By Jason Lange
WASHINGTON, Jan 5 (Reuters) - As Wall Street anxiously
awaits the U.S. Labor Department's monthly employment report due
on Friday, a decent bet has emerged. Odds are, the
government will say it underestimated recent job gains.
The government's monthly guess on how many people draw
paychecks, which sets the tone for financial markets worldwide,
has been prone to upward revisions since 2009.
It is not clear what might be behind the trend, although
some economists suspect the government's statistical models
might be challenged when the economy is coming back from a
Whatever the cause, the pattern in revisions could mean the
economy is performing consistently better than data has led to
believe, which makes it harder for investors and policymakers to
make informed decisions.
"Data that gets revised as much as it does doesn't do
anybody justice," said Joseph LaVorgna, an economist at Deutsche
Bank in New York who has studied the pattern of revisions.
Private sector economists have long noted that payroll
estimates tend to be revised upward when the economy is growing
and downward when it is not.
In the past, big revisions often have come when the
government studied tax archives long after the initial data was
But economists have been surprised at what has become a
monthly routine of revising prior job counts higher.
Philadelphia Fed economist Tom Stark focused on these
initial monthly revisions in a recent research paper. Each
month, the Labor Department revises the data from the prior two
months based on late responses from its survey of employers.
Studying payroll data from recoveries from recessions after
1964, Stark found a statistically significant bias toward upward
revisions in the current recovery for the first time since 1970.
Since the economy emerged from recession in June 2009, the
government found that after tallying tardy survey responses
around 36,000 more jobs were created per month, on average, than
The question is, why would late responses inject bias into
the Labor Department's initial estimate?
One possibility is that the government's model for
estimating employment gains for some small businesses
incorporates trends from the past. If those trends have changed
for the better then more data would lead to an upward revision.
This has yet to be confirmed. But by and large, it
highlights a constant hazard for statisticians who often
extrapolate from the past to make sense of incomplete data.
"When push comes to shove, all models are taking account of
statistical correlations that are in the data of the past," said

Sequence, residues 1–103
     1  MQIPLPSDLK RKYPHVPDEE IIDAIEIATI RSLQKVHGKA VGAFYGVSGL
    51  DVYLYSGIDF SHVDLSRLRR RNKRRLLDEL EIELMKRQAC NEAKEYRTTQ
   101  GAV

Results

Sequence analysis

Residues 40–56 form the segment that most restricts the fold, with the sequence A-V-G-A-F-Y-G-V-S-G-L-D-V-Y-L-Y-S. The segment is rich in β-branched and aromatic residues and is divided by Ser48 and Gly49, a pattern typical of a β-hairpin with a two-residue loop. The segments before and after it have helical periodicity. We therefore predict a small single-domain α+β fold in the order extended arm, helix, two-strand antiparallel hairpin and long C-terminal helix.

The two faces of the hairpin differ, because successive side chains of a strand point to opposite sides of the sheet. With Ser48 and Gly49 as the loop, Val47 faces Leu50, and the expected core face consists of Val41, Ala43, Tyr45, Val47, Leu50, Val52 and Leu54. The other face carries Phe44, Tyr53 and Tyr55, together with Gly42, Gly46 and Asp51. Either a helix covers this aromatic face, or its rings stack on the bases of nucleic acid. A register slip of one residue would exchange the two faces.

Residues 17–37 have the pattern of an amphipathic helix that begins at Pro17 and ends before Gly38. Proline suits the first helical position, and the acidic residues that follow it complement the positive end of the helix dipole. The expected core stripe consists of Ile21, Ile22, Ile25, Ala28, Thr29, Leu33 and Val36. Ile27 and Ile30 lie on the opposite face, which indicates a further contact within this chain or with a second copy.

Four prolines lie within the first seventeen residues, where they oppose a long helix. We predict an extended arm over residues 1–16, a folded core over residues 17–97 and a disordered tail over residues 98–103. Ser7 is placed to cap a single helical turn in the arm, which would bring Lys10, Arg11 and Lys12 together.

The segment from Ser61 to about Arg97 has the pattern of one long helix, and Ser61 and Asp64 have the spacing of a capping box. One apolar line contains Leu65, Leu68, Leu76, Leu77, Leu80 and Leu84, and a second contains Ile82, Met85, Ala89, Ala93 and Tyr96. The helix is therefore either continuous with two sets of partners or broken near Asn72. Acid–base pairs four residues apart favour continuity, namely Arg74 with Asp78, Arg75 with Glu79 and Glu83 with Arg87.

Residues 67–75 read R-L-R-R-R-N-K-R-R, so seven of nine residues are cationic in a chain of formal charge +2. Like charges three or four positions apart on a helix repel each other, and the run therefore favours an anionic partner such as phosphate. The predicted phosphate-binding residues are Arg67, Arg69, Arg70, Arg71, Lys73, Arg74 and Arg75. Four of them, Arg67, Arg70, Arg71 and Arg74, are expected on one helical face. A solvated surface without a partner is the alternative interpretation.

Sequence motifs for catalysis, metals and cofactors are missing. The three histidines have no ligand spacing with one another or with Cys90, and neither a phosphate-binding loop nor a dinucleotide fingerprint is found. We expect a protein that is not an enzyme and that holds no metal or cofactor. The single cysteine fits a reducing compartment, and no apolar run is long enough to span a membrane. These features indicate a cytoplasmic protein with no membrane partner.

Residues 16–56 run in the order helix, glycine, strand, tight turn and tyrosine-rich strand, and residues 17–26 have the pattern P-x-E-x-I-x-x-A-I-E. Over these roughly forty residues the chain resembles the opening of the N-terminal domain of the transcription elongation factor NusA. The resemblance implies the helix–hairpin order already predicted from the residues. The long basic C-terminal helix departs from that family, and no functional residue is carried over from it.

Stark, who is the assistant director of the Philadelphia Fed's
Real Time Data Research Center.
"So any time you have something new, you're obviously not
going to be able to estimate that new thing very well," he said.
Some economists also speculate that the government's model
for estimating the number of firms that are starting up or going
out of business - dubbed the "birth-death model" - might also be
challenged by the recovery.
The Labor Department, however, has also looked at revision
patterns over the years and has not found evidence to indicate
there is any upward or downward bias, said Kerrie Leslie, an
economist at the U.S. Bureau of Labor Statistics.
Nor have government economists found evidence that tardy
responses have come from particular industries that might skew
the initial estimates, she said.
Still, the amount of tardy responses to the survey, which
polls around 140,000 businesses, is significant.
In 2010, for example, about 70 percent of firms contacted by
the government each month provided details on their payrolls at
first request. Within two months of the initial survey, the
percentages of responses surged to 94 percent.
The recent revisions in the payroll data have led some
economists to pay extra attention to a separate - albeit smaller
- survey of households that is subject to fewer changes and does
not rely on a birth-death model.
In November, the household survey showed 315,000 jobs were
added to the economy, while the payroll survey showed only
The household survey tends to be more volatile because it is
based on a smaller sample, and many economists expect that on
Friday it could show job creation slowed in December.
On the other hand, if the trend in revisions from the other
survey of employers holds, revised figures for November payrolls
could edge a little bit in the direction of the more positive
household survey data. Analysts expect the payroll survey will
show 150,000 jobs added last month.
LaVorgna expects the pattern of upward revisions to payrolls
will likely continue until the economy eventually slides back
"These measurement issues are significant," he said.
(Reporting by Jason Lange; Editing by James Dalgleish)
© 2014 Thomson/Reuters. All rights reserved.